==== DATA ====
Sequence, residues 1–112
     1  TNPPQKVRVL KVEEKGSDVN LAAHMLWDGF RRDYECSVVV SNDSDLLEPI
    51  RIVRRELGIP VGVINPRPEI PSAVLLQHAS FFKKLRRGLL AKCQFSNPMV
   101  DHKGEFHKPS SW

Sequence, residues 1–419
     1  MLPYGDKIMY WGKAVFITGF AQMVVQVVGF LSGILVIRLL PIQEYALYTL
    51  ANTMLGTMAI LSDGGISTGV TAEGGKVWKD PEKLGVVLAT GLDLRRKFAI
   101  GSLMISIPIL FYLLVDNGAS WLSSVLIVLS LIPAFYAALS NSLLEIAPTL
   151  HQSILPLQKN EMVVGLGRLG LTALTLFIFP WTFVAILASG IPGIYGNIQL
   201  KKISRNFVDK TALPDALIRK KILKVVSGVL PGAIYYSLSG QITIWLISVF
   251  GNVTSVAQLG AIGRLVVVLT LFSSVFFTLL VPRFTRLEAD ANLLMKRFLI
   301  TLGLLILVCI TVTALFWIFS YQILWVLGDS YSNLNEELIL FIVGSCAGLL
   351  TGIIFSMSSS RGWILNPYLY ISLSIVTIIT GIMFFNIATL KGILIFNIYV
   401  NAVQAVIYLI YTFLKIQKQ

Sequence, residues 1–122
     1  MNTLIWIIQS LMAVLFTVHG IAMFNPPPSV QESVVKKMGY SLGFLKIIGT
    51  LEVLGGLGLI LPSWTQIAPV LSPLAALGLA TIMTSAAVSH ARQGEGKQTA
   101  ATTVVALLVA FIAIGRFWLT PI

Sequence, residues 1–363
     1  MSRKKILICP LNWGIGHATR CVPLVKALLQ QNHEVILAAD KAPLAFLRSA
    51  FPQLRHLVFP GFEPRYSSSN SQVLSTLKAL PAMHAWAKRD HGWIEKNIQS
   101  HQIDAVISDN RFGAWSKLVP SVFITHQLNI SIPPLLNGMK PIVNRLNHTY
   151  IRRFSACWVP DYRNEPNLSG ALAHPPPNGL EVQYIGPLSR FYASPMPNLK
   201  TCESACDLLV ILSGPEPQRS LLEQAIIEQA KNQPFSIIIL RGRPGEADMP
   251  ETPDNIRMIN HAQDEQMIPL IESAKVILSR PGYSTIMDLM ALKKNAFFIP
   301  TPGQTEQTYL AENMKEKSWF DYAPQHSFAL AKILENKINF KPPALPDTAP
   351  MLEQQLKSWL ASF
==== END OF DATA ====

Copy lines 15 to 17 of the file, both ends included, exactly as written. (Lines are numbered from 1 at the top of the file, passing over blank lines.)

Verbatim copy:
Sequence, residues 1–122
     1  MNTLIWIIQS LMAVLFTVHG IAMFNPPPSV QESVVKKMGY SLGFLKIIGT
    51  LEVLGGLGLI LPSWTQIAPV LSPLAALGLA TIMTSAAVSH ARQGEGKQTA